Performance — Testing Quicken 7 on my 6100/66 with System 7.5.1, I was pleased the new capabilities did not adversely affect performance; in fact, I found Q7 to be noticeably faster than Q6 when running reports and bringing up the Portfolio Window. Overall, the program feels snappy.

However, in the context of reliability, I found Quicken 7 disappointing. There are too many bugs for a program that can have a significant impact on a user’s financial well-being. In addition to the anomalous information displayed in the Portfolio window (described in TidBITS-353), the overall effect of the problems I found undermines the confidence I need to have in a financial management program.

Especially for new users, the numerous errors and problems in Q7 can be confusing. In the past, Intuit put considerable effort into providing sophisticated built-in Help options. However, even though the Quicken Guide utilizes many of Apple Guide’s best features, I found it frequently became out of synch with the application’s windows. Also, the indexing is weak and the organization of Help Topics is confusing. (Intuit explained that the Topics list is based on the expected frequency of use, rather than alphabetically.) The Balloon Help, on the other hand, is quite effective.

I should point out that though the Investment Module and Help system need some work, I’ve found the Banking area to be rock solid, and a joy to use.

Conclusions — There is a real need for a good, full-featured Mac program that can track and analyze personal finances. Admirably, Quicken has been moving in this direction, and it’s no small accomplishment to maintain good ease-of-use in the basic feature set while expanding into this area. Still, much more needs to be done in both reliability and features for Quicken’s Investment Module to be truly effective for managing the diverse activities today’s complex financial marketplace presents users.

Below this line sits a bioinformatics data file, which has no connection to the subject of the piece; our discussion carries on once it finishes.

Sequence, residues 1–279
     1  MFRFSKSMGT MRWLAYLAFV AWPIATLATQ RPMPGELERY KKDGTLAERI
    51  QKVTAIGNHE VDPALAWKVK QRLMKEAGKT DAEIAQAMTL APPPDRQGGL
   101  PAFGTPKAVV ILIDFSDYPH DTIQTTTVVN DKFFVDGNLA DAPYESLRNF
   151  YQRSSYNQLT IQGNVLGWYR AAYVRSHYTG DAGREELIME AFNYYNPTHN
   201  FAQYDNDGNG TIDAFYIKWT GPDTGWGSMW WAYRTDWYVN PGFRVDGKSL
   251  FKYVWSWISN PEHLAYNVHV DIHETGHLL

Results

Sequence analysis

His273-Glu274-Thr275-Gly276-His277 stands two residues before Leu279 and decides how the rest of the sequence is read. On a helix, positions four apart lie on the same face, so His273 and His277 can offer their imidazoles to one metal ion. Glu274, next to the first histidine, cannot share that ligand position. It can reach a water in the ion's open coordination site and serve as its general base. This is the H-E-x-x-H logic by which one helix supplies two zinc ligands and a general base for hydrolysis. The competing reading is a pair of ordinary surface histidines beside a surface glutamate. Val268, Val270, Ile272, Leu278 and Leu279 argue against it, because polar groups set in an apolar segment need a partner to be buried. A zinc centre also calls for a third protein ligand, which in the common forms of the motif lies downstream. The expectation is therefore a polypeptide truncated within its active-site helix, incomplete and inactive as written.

If I seem ambivalent about Quicken 7, it’s for good reason. Fundamentally, it is a solid and impressive program: its feature set is enormous, and, considering its power, easy to use. On the other hand, some features are poorly implemented, it has many major and minor bugs, and it still needs some essential features to be truly capable of effectively managing and analyzing activities in mainstream financial markets.

In fairness to Intuit, the program does offer incredible bang for the buck, even if it does misfire on occasion. Above average documentation is included in the price of the program, a full, printed manual comes with the Deluxe CD-ROM version of Quicken, and so far Intuit has resisted an industry trend to charge for telephone support (although it’s still a toll call). Perhaps because so many elements of Quicken are outstanding, its weaknesses stand out more sharply – it’s still a best-of-class program. I would just prefer to waste less time dealing with bugs and have some important enhancements incorporated more quickly – I’d even be willing to pay a little more (if that’s what it takes).

If you don’t use Q7’s Investment Module, many of my concerns about Quicken will not affect you. If you do use that part of the program, the next Quicken update should fix some of the most serious bugs. I think most users will find Quicken 7 to be a useful addition to their Macs, and with Intuit’s money-back satisfaction guarantee, trying Q7 to be a good decision.

Quicken 7 requires a 68030 processor or better, System 7 or higher, 6 to 8 MB of RAM, 9 to 18 MB of hard disk space, and a 640 by 480 monitor capable of displaying at least 256 colors.

Intuit, Inc. — 800/624-8742 — 415/944-6000

[Steve Becker has been a BMUG member since purchasing his first Mac and runs a Mac consulting business, MacEase, in Berkeley, California.]